Dell Reaches Settlement In Multistate Customer Service Suit

The settlement was led by the attorneys general from the states of Connecticut and Washington. The Round Rock, Texas-based computer manufacturer chose to work with the offices of the attorneys general rather than have the matter taken to court.

"We helped lead a coalition of states in this investigation after receiving complaints of significant customer service abuses by Dell," Richard Blumenthal, attorney general of Connecticut, said in a statement. "Consumers who sought and believed they received 0 percent financing were then ambushed by high-interest rates and fees. Many consumers faced unacceptable obstacles obtaining warranty service on their Dell computers and others said they never received promised rebates. Many consumers may be eligible for hundreds of dollars for the abuses."

Dell has agreed to pay $1.5 million into an account for consumer restitution, as well as $1.85 million that will be distributed among the states included in the settlement. At least a portion of the settlement will be used to reimburse legal fees.

Under the terms of the settlement, Dell pledges to fulfill warranty obligations within 30 days of notification; not report late payments to collection agencies if a customer claims the debt is invalid and has proof; and disclose in advertisements for promotional credit offers that the majority of consumers won't qualify.

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"Dell must hit delete and then reprogram and restart customer relations by keeping all its promises. More than the money, this agreement provides profoundly important business practice reforms," Blumenthal said.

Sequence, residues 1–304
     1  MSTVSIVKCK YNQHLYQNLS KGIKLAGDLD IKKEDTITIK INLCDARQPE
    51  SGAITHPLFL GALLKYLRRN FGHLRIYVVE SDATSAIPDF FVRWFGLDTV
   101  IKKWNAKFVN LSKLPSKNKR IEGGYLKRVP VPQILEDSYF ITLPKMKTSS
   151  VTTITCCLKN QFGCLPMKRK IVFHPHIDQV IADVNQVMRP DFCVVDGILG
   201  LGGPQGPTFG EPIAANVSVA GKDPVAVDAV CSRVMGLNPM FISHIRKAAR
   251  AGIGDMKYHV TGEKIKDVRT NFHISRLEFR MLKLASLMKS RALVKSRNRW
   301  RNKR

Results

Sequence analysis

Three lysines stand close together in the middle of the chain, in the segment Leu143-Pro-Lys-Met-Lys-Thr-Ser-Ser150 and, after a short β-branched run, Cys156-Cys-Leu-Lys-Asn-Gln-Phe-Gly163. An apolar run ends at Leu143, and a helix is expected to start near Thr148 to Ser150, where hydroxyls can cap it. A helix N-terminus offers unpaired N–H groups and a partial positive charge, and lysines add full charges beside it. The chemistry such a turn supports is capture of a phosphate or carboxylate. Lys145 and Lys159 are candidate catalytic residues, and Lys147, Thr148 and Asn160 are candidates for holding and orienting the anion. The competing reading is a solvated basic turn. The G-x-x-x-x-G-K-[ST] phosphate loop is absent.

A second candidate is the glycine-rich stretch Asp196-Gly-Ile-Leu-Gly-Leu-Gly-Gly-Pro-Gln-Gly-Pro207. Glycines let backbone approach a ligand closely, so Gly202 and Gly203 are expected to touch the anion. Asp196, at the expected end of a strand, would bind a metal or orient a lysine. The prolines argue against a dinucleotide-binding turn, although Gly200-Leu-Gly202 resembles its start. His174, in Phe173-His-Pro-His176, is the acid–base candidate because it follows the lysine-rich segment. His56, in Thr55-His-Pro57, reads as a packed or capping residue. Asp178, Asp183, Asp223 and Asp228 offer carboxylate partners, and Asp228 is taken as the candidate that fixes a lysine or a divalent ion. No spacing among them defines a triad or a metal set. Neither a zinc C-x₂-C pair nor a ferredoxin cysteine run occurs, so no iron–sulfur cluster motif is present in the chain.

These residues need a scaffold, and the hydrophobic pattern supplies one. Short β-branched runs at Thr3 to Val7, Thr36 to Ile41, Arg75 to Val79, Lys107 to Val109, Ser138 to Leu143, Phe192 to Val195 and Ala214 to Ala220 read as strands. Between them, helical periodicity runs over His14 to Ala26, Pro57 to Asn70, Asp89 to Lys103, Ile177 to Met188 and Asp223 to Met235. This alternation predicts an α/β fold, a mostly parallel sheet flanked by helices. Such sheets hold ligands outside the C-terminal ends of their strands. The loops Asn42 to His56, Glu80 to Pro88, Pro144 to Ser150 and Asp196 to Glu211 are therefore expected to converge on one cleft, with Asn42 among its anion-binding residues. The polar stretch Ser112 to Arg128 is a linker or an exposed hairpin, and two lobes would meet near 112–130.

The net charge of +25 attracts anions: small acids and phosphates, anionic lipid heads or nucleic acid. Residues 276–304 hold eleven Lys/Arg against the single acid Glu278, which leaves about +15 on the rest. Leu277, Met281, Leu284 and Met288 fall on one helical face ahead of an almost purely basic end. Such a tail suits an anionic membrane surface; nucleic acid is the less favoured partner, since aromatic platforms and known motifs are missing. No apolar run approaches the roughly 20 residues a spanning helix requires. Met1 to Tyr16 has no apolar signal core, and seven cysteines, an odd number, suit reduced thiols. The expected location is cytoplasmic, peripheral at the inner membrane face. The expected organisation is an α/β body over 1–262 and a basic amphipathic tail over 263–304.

According to a statement released by Dell, the issues brought in the legal settlement affected only a "small percentage" of customers, and many of the business practices raised in the complaint had been eliminated by the computer manufacturer before the settlement.

Unfortunately for Dell this isn't the first encounter the computer manufacturer has had with claims of fraud, false advertising and deceptive business practices in the past 12 months.

In May 2008, New York State Supreme Court Judge Joseph Teresi called Dell's business practices a bait-and-switch scheme because customers were being denied the deals the company had promised.

In his ruling, Judge Teresi wrote, "Dell has engaged in repeated misleading, deceptive and unlawful business conduct, including false and deceptive advertising of financing promotions and the terms of warranties, fraudulent, misleading and deceptive practices in credit financing, and failure to provide warranty service and rebates."

The May 2008 ruling by the New York Supreme Court and the settlement headed by the states of Connecticut and Washington are unrelated.